Document Type

Article

Department

Paediatrics and Child Health (East Africa)

Abstract

Accurate measurement of respiratory rate (RR) in neonates is challenging due to high neonatal RR variability (RRV). There is growing evidence that RRV measurement could inform and guide neonatal care. We sought to quantify neonatal RRV during a clinical study in which we compared multiparameter continuous physiological monitoring (MCPM) devices. Measurements of capnography-recorded exhaled carbon dioxide across 60-s epochs were collected from neonates admitted to the neonatal unit at Aga Khan University-Nairobi hospital. Breaths were manually counted from capnograms and using an automated signal detection algorithm which also calculated mean and median RR for each epoch. Outcome measures were between- and within-neonate RRV, between- and within-epoch RRV, and 95% limits of agreement, bias, and root-mean-square deviation. Twenty-seven neonates were included, with 130 epochs analysed. Mean manual breath count (MBC) was 48 breaths per minute. Median RRV ranged from 11.5% (interquartile range (IQR) 6.8–18.9%) to 28.1% (IQR 23.5–36.7%). Bias and limits of agreement for MBC vs algorithm-derived breath count, MBC vs algorithm-derived median breath rate, MBC vs algorithm-derived mean breath rate were − 0.5 (− 2.7, 1.66), − 3.16 (− 12.12, 5.8), and − 3.99 (− 11.3, 3.32), respectively. The marked RRV highlights the challenge of performing accurate RR measurements in neonates. More research is required to optimize the use of RRV to improve care. When evaluating MCPM devices, accuracy thresholds should be less stringent in newborns due to increased RRV. Lastly, median RR, which discounts the impact of extreme outliers, may be more reflective of the underlying physiological control of breathing.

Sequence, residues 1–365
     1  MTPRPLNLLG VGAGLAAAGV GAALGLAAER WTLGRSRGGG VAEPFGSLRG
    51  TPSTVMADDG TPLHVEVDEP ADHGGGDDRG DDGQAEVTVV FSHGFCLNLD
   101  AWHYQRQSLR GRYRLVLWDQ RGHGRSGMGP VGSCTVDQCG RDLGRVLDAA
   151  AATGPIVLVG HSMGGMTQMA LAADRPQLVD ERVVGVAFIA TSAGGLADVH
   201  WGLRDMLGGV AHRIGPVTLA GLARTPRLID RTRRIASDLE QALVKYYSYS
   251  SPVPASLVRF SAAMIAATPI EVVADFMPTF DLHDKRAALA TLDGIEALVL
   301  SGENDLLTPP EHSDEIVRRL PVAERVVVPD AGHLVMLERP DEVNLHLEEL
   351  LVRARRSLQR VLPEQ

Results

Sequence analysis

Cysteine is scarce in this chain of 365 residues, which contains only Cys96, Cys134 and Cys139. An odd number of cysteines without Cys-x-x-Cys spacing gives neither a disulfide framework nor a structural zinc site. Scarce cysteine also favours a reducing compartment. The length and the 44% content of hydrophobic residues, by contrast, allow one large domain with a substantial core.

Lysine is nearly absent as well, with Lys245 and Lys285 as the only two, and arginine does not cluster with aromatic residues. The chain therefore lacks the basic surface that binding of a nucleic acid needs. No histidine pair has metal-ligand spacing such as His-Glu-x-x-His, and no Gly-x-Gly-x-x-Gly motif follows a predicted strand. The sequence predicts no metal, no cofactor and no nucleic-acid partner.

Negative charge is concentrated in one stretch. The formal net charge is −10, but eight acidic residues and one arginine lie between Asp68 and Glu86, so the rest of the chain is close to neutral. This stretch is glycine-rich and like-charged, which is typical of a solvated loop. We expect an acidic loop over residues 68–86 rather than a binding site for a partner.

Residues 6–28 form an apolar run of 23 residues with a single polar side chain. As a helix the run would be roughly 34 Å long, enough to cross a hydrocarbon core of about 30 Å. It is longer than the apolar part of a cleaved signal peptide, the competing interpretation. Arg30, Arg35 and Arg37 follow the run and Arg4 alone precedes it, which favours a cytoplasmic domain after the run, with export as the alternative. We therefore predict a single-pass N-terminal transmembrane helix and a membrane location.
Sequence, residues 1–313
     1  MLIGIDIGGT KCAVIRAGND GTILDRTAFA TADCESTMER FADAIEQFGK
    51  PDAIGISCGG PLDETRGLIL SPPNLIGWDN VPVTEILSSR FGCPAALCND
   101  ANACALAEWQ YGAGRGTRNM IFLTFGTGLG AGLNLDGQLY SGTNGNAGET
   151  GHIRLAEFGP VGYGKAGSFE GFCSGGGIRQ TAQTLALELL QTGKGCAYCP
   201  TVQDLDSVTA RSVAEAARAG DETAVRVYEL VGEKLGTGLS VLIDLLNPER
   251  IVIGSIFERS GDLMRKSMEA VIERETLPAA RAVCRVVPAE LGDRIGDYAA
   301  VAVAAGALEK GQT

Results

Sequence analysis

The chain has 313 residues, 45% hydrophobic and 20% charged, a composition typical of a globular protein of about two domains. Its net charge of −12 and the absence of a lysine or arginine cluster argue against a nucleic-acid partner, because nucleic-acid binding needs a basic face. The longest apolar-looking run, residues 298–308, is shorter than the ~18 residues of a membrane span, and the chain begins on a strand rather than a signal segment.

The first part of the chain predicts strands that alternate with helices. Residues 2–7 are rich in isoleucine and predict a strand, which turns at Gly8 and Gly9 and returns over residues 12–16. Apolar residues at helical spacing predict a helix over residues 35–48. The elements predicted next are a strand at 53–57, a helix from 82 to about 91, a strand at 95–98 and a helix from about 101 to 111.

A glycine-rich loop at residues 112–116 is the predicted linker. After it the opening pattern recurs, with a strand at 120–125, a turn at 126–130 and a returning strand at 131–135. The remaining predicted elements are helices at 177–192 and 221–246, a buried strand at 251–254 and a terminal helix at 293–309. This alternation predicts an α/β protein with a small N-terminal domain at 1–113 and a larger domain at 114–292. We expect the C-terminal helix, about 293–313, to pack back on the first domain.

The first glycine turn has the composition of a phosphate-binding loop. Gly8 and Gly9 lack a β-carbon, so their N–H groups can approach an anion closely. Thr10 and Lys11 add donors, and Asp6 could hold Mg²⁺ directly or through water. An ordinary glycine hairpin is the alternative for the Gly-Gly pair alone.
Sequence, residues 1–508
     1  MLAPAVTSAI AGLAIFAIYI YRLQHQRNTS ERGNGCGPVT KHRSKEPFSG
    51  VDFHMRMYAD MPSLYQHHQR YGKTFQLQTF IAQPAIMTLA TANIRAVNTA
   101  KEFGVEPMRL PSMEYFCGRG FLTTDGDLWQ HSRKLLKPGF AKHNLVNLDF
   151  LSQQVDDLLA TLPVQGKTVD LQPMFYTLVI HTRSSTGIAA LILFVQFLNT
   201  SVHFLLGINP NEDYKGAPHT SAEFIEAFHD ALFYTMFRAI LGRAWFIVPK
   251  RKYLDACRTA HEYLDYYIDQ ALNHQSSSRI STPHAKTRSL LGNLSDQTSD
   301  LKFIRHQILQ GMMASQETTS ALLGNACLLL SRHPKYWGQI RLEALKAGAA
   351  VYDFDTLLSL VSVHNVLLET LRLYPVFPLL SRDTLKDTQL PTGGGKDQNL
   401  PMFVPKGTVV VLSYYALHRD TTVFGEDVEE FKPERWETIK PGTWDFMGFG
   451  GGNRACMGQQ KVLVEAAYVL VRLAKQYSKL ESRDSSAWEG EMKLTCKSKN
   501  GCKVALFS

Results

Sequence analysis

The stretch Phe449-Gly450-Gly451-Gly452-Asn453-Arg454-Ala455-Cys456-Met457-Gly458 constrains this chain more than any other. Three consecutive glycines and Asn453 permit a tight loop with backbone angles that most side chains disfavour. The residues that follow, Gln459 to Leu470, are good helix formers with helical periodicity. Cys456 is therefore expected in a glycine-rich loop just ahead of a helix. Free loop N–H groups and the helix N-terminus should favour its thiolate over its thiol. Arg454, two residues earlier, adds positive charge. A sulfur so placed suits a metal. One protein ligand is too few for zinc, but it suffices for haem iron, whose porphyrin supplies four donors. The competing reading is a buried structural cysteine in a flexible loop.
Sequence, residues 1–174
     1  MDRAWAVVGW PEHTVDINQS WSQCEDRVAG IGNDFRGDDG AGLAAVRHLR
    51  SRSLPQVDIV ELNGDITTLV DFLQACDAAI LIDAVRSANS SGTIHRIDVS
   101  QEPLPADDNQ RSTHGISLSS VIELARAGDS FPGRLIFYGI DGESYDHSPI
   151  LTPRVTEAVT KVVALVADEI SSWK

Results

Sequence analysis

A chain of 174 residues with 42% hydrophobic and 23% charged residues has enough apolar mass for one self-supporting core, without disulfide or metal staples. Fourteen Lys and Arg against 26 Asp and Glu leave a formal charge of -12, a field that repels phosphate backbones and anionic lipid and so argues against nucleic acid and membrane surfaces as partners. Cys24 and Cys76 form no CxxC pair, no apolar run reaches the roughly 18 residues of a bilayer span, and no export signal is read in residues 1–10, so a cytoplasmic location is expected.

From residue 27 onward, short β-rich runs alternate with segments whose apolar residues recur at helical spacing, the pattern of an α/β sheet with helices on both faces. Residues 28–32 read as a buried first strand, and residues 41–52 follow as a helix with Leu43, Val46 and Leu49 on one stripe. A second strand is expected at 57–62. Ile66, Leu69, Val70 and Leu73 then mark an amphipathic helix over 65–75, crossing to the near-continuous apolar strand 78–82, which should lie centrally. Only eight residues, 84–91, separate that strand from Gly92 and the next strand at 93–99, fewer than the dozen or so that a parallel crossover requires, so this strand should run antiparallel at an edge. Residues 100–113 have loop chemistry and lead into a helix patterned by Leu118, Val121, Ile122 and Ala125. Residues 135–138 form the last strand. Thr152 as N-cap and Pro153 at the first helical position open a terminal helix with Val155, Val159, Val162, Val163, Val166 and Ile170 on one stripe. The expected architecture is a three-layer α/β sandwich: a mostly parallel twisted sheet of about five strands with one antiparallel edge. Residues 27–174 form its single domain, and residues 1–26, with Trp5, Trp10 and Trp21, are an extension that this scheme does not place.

Publication

Journal of Clinical Monitoring and Computing

Creative Commons License

Creative Commons Attribution 4.0 International License
This work is licensed under a Creative Commons Attribution 4.0 International License.

Included in

Pediatrics Commons

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